Mark and Arian started counselling together to improve their relationship. As Mark dealt with his son, James, his past trauma surfaced and he spent some time learning to be more connected with his body, understanding the dynamics in his brain and building some acceptance around the discomfort of his activated ‘system’. Mark is about to do some difficult work on his trauma.

When the body freezes…

In the following session, Mark begins to tell the story of the car crash he experienced in greater detail. He notices the activation in his body and his counsellor carefully helps him go slowly enough to remain within a space that allows him to stay ‘online’. But as Mark talks about the moment of the actual impact, how his body got catapulted forward against the seat-belt, how the car’s front crumpled, his body freezes and locks down.

Work on Trauma: Finding the power of life that lives in all of us

The counsellor gently guides Mark to breathe deeply into his body and search for the impulse that will arise. Mark can feel the urge of moving his arms forward in a bracing position arising. He is guided to slowly lift his arms and push into the imaginary seat in front of him. His hole body is tense. As he pushes with the encouragement of the therapist beside him, energy begins to move and the power in his body becomes more active.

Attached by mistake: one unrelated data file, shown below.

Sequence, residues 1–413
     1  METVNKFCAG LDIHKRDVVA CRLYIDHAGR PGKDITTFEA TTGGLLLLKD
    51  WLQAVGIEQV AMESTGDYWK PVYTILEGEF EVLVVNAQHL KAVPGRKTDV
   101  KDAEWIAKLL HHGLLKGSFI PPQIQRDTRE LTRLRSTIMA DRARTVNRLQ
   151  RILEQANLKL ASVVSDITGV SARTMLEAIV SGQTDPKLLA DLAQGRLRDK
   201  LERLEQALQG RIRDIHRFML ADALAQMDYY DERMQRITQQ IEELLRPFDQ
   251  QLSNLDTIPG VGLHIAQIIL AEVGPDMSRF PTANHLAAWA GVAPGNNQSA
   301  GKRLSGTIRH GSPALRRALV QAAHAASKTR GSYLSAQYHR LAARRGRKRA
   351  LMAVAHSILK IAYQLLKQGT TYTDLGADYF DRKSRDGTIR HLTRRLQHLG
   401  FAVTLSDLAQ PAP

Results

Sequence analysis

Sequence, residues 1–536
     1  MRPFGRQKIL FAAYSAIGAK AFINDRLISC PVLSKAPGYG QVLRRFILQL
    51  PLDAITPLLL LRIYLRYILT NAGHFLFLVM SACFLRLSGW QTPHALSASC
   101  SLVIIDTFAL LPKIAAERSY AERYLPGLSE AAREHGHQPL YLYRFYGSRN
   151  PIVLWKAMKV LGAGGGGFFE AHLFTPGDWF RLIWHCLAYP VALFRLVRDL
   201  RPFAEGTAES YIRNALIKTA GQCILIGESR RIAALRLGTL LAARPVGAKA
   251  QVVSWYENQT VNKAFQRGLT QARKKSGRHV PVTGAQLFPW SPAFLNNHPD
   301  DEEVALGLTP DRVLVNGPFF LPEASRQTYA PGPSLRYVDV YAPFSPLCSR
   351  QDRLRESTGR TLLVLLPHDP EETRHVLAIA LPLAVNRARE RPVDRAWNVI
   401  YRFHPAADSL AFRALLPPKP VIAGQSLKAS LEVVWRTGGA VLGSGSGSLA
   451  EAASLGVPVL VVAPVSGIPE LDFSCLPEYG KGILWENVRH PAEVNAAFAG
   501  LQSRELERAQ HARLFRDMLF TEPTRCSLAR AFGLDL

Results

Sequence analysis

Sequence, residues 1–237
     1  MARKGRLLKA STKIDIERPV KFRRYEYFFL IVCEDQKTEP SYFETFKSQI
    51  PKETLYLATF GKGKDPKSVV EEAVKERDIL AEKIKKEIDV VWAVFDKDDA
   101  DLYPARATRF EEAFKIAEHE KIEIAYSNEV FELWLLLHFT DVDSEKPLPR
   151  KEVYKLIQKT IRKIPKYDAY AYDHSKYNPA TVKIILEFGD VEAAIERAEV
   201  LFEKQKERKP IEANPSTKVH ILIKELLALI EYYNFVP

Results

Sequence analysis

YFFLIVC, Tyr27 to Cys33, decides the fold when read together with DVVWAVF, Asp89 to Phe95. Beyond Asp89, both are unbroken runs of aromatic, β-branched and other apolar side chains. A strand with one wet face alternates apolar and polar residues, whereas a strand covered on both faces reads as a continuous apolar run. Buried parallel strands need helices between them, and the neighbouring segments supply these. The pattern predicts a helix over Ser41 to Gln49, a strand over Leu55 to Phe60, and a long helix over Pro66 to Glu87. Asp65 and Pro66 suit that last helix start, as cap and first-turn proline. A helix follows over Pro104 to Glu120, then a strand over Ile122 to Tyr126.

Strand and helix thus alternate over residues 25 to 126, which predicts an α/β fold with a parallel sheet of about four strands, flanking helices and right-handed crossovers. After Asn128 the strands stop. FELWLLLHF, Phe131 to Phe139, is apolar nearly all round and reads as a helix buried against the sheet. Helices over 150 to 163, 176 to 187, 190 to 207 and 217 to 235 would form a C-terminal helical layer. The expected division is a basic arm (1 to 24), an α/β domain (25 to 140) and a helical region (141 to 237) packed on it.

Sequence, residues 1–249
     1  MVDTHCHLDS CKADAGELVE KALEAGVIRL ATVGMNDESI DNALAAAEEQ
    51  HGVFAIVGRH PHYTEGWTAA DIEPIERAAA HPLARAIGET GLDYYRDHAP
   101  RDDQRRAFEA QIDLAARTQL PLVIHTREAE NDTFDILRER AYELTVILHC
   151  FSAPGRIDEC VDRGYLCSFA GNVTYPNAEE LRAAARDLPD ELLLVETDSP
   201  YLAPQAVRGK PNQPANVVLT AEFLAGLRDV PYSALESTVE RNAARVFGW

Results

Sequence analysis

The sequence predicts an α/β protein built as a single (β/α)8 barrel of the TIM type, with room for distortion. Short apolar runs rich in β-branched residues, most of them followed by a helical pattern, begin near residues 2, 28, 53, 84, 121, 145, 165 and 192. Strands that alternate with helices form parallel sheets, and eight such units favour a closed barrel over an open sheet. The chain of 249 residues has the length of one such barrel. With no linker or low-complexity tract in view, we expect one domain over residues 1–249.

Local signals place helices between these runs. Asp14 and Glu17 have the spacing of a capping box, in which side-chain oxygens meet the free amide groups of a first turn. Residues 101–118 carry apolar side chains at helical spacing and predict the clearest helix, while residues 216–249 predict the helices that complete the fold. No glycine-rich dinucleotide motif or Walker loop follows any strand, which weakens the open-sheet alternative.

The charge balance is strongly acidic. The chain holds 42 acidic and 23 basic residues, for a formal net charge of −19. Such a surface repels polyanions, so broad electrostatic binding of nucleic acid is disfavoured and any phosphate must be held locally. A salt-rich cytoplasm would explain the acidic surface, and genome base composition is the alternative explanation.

In fact, Mark notices how the strength he uses to push now feels exactly the same as the strength he used quite often when playing Rugby in his youth. His arms begin to move out to the side. He notices how the energy changes from frozen to movement, from trapped to empowered. Tears are streaming down his face as he feels the weight of fear that has been part of the past 20 years of his life, lift.

starfish in clear water

Our bodies know how to respond and regulate

Then, his body runs out of activation and begins to settle into an exhausted stillness. Mark is exhausted. He is still crying and notices the tears for the first time. They are now tears of release and sadness. In fact, an overwhelming sadness comes in. Mark sits there together with the counsellor and cries until the tears stop too.

Growth follows release

They spend the rest of the session gently exploring the experience. Mark notices the changes in the body and how the memory has shifted in his mind. This was the hardest thing Mark ever did emotionally. The counsellor warns him that working on trauma can be exhausting. She recommends  to be gentle and take it easy for the rest of the day. It will take some time to recover strength and energy for his every-day life. Mark is just glad he can go home and spend some time alone. He thinks about James and smiles: Somehow it feels like the path to getting to know his son has just emerged in front of him.

If you want to move beyond the paralysing forces of trauma, get in touch and book a free 45-minute check-in-session with Mattie now to find out how trauma-informed counselling can help you.